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Author Topic: Saving Mr. Banks (2013)  (Read 9 times)

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Chiprocks1

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Saving Mr. Banks (2013)
« on: June 03, 2014, 07:10:45 pm »

When Saving Mr. Banks first came out in the theater, I knew I wouldn't see it during its initial run, but I definitely had it on my Must-watch later on DVD list. But it's my Mom's glowing recommendation for the movie that sped it up a lot faster than I intended. She knew that I always went to my Library to check out DVDs and she begged me to pick up a copy of Mary Poppins as soon as possible. Now this is a movie that she has seen infinite amounts of time over the years (odd that she still doesn't own it on DVD to this day). I ask her why she had to watch a movie that she already knows backwards and forward and she told me about Mr. Banks. Well, she told me enough as long as she kept spoilers to a minimum. So, I of course got Mary Poppins from the Library and dropped it off with her......

Having just watched Saving Mr. Banks today, I absolutely get why my Mom needed to see Mary Poppins again, because I have the same feeling right now. I haven't seen Poppins in probably 25 years if not longer and suddenly it's my next must-watch DVD, which I intend to grab from the Library. Hopefully tomorrow if no one else has checked it out since returning it to them. As for Banks, I found the story very engrossing, which I really didn't expect. I think the way the story is told serves it well. We get two bookend types stories, one involving Walt Disney, as played by Tom Hanks, trying his best to secure the rights to P. L. Travers book Mary Poppins as played by Emma Thompson. Both are fantastic, especially Thompson. She is amazing here. The other half of the story is following the young Travers and how her own ordeal shapes and creates the character of Mary Poppins.

I may have seen Mary Poppins a few times as a kid, but I wasn't entirely sure if what was playing out in Mr. Banks was 100% real as I have no knowledge of Travers prior to this. I think because of how the movie is structured at times and how some of the in-jokes are revealed to the audience (all good here), it reminded me of a lot of Shakespeare In Love in how 'art imitates life'. There are some great character revelations from certain moments in the film that seem innocuous at the time only to make a scene truly resonate later in the film. All I will say about it is Pears, Weather and Cane Knob. The best revelation comes at the end during the End Credits. I was very curious of they actually taped the table read and notes that Travers was giving out and was hellbent on digging into that after the movie was over. I didn't even have to wait that long because they actually play the tape recordings of the real Travers and it's awesome to hear. Fantastic movie that will get you teary eyed for sure. Definitely worth a Rent.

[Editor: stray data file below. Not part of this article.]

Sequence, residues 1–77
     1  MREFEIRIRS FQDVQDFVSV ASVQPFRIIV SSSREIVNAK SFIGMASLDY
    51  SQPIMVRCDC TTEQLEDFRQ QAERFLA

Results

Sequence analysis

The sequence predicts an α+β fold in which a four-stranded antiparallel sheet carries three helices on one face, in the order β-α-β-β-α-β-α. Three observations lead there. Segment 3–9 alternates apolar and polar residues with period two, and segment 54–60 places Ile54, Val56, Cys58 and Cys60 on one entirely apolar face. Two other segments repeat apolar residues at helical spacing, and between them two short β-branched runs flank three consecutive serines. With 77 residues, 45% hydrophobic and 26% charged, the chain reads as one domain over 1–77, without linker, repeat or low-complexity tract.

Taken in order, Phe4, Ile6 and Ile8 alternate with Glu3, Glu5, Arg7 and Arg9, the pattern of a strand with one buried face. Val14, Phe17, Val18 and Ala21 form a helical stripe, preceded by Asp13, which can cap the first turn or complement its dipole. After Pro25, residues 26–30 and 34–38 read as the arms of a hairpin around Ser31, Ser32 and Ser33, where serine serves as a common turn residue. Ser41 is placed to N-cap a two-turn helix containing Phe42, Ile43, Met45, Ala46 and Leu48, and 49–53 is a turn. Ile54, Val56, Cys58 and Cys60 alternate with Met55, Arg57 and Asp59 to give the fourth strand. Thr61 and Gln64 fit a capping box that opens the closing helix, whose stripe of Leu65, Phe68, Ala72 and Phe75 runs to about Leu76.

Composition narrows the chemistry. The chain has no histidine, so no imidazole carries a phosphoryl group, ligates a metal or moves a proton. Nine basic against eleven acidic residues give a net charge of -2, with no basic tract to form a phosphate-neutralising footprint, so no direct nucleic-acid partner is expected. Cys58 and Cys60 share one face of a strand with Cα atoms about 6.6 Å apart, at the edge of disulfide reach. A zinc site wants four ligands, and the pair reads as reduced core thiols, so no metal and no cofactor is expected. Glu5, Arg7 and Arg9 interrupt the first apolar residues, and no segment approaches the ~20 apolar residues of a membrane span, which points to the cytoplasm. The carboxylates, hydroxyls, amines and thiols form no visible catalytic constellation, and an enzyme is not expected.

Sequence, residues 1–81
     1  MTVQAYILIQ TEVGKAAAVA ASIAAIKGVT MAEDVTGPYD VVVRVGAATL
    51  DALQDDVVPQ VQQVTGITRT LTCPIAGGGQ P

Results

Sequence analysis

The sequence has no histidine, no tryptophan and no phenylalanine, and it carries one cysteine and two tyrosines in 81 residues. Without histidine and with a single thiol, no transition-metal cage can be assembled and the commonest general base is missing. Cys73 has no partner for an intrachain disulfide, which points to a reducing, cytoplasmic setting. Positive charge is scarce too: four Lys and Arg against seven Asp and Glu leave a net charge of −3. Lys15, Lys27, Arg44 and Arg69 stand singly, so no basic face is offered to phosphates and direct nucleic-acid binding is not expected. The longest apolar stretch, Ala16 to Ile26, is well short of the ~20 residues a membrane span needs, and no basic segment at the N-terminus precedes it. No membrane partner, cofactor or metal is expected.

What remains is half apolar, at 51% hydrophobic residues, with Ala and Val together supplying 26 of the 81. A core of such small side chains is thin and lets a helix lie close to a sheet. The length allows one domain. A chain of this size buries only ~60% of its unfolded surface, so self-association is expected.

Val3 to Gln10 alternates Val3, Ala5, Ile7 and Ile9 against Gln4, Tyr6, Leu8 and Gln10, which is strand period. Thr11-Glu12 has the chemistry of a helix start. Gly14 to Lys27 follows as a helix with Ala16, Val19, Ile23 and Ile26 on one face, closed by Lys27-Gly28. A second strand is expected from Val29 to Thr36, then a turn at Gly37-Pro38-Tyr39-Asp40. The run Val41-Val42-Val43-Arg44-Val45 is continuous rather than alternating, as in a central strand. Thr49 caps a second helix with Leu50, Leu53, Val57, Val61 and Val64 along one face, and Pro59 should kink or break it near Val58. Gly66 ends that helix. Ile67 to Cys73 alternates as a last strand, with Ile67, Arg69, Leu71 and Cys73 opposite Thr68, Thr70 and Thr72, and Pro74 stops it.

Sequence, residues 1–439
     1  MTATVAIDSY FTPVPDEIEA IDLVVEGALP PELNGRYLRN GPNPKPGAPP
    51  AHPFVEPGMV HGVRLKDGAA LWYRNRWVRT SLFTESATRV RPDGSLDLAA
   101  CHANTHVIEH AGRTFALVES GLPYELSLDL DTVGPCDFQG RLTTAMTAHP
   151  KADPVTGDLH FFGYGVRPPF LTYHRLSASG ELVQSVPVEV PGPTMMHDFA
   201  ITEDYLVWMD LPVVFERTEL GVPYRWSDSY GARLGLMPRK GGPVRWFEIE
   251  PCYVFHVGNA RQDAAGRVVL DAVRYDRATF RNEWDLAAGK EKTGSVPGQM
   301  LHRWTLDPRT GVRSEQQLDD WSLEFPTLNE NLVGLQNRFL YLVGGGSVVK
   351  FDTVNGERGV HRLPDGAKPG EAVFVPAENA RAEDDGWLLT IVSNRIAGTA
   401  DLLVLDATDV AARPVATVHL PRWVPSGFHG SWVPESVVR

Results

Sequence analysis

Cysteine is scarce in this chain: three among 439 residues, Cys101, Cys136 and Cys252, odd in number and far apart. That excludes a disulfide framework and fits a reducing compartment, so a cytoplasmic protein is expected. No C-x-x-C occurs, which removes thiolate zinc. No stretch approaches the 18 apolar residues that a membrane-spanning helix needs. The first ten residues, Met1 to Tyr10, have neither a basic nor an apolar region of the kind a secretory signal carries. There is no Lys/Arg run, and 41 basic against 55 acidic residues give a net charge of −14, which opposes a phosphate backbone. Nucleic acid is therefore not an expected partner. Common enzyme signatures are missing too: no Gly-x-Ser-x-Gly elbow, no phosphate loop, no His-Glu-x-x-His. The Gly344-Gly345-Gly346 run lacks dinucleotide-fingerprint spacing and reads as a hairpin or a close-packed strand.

Great cast also includes Colin Farrell, Bradley Whitford, B. J. Novak, Jason Schwartzman, Rachel Griffiths and the awesome Paul Giamatti. Annie Rose Buckley as the young Travers is a great discovery. Never heard of her till now. I would definitely watch Mr. Banks again. Love the scene that takes place at Disnyeland. Makes me want to go there again, a place I haven't been to since 2000.
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Michael Scott To Meredith: "You've slept with so many men, your starting to look like one. BOOM! Roasted! Go here.

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Chiprocks1

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Re: Saving Mr. Banks (2013)
« Reply #1 on: June 03, 2014, 07:11:14 pm »
Saving Mr. Banks DVD Screencaps

Coming soon....
Chip's Rockin' Art
Michael Scott To Meredith: "You've slept with so many men, your starting to look like one. BOOM! Roasted! Go here.

Neumatic

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Re: Saving Mr. Banks (2013)
« Reply #2 on: June 03, 2014, 08:01:34 pm »
The movie is strange, I liked it, but it's a big budget movie of people sitting in a room talking.  I feel like the stuff in Disneyland was to make it worth seeing on the big screen and to not make it feel like a TV movie, you know?

The movie also falls into this thing that a lot of movies about the creative process (especially when they're about a well-known finished work) is that the final version is locked in and we don't really see the failures or the actual process at work.  The Disney version, except for a couple changes, is kind of locked in throughout the entire movie, they don't actually dissect that much, or justify why something works or why it doesn't, there's no trial and error or anything like that.  It's just "we have a version we like" hammered at her over and over, and her going "I don't like this, I don't like this" etc.  The WORST offender of this was Anonymous, the movie that was about the idea that someone else wrote Shakespeare's plays: the guy just had them all ready and waiting on a shelf!  Combine this with this trend of fake "concept art" (only showing "approved" designs or straight-up promo pictures as concept art) and this idea of instant inspiration as the standard instead of what creativity actually is: lots of hard work, lots of dead ends.  It creates an unrealistic expectation for artists: get it right the first time.  I'm very wary of that.

 

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